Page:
Autophagy is an evolutionarily conserved response that can be activated in response to heavy metal. Thus, the present study investigated the effect of autophagy on neurotoxic damage caused by cadmium (Cd) in rat cerebral cortical neurons. The results indicated that the viability of cortical neurons treated with Cd was markedly decreased in a dose? and time?dependent manner. The present study provided evidence that cortical neurons treated with Cd underwent autophagy: The conversion of microtubule?associated protein 1A/1B?light chain 3 (LC3) to LC3?II, an increase in the punctate distribution of endogenous LC3?II and the presence of autophagosomes were identified. Combined treatment with Cd and chloroquine, an autophagy inhibitor, reduced the amount of autophagocytosis and cell activity, whereas rapamycin, an autophagy inducer, reduced Cd?mediated cytotoxicity. Furthermore, it was found that beclin?1 and class III phosphoinositide 3 kinase (PI3K) levels were increased, while levels of the anti?apoptotic protein B?cell lymphoma 2 (Bcl?2) were decreased after Cd treatment. LY294002, a specific inhibitor of PI3K, prevented the decline in Bcl?2 production and the increase in levels of beclin?1, class III PI3K and autophagy following Cd treatment. In conclusion, the results of the present study suggested that Cd can induce cytoprotective autophagy by activating the class III PI3K/beclin?1/Bcl?2 signaling pathway, and that the autophagy pathway can serve as a sensitive biomarker for nervous system injury after exposure to Cd. PMID:25955216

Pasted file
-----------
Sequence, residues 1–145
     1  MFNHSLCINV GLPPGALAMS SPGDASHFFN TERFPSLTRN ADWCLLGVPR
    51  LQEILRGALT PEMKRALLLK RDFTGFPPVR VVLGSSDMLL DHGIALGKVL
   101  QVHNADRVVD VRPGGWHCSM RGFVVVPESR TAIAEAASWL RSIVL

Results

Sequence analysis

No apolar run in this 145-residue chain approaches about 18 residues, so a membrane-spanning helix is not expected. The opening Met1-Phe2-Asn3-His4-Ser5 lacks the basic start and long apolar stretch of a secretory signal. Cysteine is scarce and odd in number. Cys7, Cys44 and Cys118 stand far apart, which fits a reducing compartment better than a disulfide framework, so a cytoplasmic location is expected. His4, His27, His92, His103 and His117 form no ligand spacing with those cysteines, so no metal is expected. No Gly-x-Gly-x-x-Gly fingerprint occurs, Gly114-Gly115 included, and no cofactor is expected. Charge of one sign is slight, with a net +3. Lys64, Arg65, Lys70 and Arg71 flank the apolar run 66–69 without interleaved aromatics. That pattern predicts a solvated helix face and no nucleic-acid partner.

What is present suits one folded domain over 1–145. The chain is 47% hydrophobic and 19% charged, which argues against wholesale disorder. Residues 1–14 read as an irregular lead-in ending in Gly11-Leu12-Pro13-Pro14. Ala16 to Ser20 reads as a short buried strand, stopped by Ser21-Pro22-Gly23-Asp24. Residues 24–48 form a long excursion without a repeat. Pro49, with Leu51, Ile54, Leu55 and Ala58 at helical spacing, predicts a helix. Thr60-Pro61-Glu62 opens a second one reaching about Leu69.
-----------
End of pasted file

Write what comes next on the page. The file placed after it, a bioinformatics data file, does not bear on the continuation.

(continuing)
14. The Toll-like Receptor 9 Ligand, CpG Oligodeoxynucleotide, Attenuates Cardiac Dysfunction in Polymicrobial Sepsis, Involving Activation of Both Phosphoinositide 3 Kinase/Akt and Extracellular-Signal-Related Kinase Signaling

    PubMed Central

    Gao, Ming; Ha, Tuanzhu; Zhang, Xia; Wang, Xiaohui; Liu, Li; Kalbfleisch, John; Singh, Krishna; Williams, David; Li, Chuanfu

    2013-01-01